And though some of this change is appropriate, other similar changes are a bit more troubling.  Say, for example, the use of some of the words in wedding ceremonies.  Case in point.  When was the last time you heard an officiant ask the congregation gathered for a wedding ceremony, ‘If anyone present can show just cause why this couple should not here and now be joined together in Holy Matrimony, let him speak now or forever hold his peace’?  Has it been a long time?  Have you ever heard it?  How about the words, ‘wedlock’ or ‘betrothed’?

Sadly, these statements have begun to suffer from lack of use.  And while I have no beef with upgrading our word’s usage in order to clarify our meaning when we use them, some words seem to have been set aside precisely BECAUSE of what they mean.  Could it be that the word ‘wedlock’ reminds us that a wedding is a ‘locking’ of a man and woman together into one indissoluble union?  And could it be that such an understanding challenges our desire to have marital options in place if we ever become disgruntled in our marriages?

How about the use of the word ‘matrimony’.  It literally means ‘to join a man and woman in marriage’.  It’s meant that since it was first used in 1300 in France.  Little wonder our culture doesn’t like that one.  Maybe the SCOTUS should have been asked to uphold ‘matrimony’.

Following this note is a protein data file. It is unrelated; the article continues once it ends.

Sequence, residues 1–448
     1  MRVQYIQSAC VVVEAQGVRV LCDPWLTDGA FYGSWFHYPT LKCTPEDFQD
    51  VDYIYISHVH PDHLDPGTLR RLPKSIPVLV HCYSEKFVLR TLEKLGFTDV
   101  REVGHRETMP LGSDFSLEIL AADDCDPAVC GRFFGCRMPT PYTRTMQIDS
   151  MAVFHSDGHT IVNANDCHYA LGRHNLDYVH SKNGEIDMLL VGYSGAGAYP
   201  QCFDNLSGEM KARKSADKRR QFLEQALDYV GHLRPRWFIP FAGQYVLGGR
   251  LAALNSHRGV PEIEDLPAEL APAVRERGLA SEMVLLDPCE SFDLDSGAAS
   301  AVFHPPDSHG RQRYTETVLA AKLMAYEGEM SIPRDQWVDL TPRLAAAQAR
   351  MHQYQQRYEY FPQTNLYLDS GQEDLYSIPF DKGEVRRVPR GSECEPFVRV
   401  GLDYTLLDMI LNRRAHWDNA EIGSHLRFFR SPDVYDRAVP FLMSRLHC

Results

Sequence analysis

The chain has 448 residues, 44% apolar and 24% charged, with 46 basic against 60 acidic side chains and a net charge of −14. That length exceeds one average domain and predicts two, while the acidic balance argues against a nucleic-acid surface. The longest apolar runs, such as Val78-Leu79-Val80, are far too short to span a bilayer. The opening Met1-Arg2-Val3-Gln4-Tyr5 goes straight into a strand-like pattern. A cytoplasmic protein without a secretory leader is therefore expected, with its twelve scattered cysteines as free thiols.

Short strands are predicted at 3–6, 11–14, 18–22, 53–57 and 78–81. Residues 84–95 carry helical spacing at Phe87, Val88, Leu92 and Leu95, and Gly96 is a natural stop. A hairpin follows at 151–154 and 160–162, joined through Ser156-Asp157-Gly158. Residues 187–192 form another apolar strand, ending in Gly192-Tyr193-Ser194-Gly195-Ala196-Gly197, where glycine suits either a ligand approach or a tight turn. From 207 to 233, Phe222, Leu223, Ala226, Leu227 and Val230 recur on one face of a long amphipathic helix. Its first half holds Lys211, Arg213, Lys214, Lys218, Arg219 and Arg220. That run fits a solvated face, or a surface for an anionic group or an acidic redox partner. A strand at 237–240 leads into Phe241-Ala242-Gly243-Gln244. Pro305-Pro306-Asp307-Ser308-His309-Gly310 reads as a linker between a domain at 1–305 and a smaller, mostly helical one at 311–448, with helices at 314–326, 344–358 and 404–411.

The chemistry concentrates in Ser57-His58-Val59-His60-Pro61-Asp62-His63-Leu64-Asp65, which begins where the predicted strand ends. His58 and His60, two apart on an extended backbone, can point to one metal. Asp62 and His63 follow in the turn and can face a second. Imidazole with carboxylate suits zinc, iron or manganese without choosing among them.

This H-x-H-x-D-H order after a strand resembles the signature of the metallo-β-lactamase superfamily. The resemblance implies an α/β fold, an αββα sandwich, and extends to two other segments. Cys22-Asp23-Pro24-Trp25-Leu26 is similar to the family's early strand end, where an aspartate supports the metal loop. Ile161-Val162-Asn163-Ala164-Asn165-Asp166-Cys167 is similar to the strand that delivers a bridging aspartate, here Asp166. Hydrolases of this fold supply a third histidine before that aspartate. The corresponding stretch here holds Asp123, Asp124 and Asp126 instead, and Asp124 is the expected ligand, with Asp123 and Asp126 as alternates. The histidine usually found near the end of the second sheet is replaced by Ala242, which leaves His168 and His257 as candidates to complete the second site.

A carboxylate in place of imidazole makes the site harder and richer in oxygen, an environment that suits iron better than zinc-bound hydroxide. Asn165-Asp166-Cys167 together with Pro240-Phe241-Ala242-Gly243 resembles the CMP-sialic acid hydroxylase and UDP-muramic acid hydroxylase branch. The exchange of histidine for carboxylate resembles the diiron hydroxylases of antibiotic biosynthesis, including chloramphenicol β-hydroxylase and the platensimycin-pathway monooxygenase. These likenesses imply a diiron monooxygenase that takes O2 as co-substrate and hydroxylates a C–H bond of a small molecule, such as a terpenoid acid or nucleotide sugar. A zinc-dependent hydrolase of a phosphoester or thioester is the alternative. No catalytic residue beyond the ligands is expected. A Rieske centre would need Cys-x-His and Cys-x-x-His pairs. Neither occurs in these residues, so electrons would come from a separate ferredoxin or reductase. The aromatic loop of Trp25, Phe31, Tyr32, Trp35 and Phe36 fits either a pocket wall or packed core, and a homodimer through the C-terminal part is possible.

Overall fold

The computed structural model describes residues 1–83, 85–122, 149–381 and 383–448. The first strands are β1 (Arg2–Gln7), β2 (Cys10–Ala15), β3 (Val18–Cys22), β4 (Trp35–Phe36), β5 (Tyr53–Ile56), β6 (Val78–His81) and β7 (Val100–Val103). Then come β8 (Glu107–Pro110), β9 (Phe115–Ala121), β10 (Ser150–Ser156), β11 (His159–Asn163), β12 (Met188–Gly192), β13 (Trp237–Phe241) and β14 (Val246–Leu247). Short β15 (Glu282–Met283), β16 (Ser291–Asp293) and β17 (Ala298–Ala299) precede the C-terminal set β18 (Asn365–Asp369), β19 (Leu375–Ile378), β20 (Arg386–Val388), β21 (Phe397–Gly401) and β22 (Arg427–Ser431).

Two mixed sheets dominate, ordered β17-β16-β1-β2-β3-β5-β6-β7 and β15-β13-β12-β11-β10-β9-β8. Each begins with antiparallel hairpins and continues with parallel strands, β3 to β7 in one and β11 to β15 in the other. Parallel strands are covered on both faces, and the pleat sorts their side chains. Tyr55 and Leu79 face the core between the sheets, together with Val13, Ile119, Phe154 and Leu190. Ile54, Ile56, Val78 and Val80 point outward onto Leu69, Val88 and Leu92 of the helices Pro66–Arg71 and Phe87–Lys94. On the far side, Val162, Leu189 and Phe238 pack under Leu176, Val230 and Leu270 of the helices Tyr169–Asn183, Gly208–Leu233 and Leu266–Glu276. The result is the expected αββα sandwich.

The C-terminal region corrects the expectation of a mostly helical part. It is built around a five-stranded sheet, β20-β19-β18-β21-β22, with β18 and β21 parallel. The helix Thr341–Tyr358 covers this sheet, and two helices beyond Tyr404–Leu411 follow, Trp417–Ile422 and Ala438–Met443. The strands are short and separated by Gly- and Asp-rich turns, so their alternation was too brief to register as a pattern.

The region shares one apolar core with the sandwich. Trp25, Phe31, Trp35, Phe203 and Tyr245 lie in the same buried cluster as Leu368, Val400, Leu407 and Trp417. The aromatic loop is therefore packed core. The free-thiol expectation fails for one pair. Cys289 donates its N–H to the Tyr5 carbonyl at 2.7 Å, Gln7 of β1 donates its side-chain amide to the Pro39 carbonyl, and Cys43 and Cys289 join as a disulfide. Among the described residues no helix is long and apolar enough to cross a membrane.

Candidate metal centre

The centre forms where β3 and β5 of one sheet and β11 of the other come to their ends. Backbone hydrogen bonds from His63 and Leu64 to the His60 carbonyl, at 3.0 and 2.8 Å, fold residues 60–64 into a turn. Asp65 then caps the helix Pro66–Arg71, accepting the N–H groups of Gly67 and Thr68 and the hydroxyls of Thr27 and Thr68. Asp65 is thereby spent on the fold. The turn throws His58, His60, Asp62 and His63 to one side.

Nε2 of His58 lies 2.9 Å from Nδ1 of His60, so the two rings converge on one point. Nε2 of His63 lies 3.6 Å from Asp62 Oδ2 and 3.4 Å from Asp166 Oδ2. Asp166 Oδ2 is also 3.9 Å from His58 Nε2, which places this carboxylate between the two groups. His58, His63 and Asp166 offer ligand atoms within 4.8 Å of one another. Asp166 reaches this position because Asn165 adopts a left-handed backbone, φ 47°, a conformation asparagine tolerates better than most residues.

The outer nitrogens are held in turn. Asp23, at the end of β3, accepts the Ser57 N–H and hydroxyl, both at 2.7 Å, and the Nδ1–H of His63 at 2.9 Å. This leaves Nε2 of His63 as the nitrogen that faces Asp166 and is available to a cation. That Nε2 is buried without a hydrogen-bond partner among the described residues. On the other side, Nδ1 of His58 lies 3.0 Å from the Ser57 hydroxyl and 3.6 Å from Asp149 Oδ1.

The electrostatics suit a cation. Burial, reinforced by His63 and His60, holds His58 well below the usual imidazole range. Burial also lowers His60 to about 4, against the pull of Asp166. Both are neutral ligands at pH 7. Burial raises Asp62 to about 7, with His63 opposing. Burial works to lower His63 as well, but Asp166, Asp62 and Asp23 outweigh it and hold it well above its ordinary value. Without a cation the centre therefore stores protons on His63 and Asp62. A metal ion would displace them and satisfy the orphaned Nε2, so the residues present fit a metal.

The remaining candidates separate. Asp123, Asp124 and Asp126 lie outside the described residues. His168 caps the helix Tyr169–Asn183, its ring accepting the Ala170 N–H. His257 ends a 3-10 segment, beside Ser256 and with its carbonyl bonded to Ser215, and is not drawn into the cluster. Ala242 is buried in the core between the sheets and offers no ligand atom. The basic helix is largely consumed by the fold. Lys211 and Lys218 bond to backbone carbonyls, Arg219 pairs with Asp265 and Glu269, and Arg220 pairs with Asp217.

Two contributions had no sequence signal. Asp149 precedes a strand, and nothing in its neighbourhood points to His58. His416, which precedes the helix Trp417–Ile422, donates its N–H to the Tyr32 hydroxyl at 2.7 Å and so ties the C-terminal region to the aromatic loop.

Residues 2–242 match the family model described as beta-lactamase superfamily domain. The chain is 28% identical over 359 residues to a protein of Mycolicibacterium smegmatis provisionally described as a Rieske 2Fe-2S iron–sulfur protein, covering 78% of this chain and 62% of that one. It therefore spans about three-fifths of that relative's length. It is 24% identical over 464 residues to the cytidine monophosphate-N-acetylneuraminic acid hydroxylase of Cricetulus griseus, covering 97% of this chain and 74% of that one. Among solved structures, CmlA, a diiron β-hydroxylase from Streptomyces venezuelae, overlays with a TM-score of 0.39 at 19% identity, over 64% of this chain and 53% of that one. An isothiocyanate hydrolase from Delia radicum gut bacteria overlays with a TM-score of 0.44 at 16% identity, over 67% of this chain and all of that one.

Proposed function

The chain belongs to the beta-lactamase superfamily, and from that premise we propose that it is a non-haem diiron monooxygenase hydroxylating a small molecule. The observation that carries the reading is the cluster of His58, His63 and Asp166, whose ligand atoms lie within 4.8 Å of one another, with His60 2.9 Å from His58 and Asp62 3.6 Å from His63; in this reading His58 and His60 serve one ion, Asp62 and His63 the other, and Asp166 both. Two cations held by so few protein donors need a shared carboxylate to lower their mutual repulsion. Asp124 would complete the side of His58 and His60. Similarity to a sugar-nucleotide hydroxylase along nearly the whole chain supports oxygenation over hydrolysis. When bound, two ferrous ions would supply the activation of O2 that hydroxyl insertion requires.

Similarly, the word ‘holy’ is rarely used in marriages.  Have we, because of its lack of use, forgotten that marriage is ‘sacred’–holy–before God?  And have we understood that  marriage is one of God’s most useful tools in helping us become more ‘holy’ in our lives?

We might do well to take God’s advice offered through Jeremiah the prophet:  ‘Stand by the road and look and ask for the ancient paths, where the good way is;  walk in it and find rest for your souls’.  Jeremiah 6:16.

Whenever appropriate, let’s renew the use of words that remind us of the sanctity of marriage and that remind us of our accountability to Him for how we live out our marriage vows.


Growing up on a central Illinois dairy farm near Decatur, Illinois, I spent more than a little time working before sunrise and long after sundown.  As primary caretaker for our ‘flocks and herds’, I frequently worked in the dark to care for the needs of our animals.  And as any normal youngster, I often heard things go ‘thump in the night’.  In my imagination, an unfamiliar sound could become the thundering hooves of an angry dairy bull bearing down on this little skinny farm kid to turn the place where I was standing into a fight scene or it could become an animal rustler trying to make off with one of my prize cows or it could even become a wolf trying to steal a lamb out of our flock right after he finished me off and got me out of the way.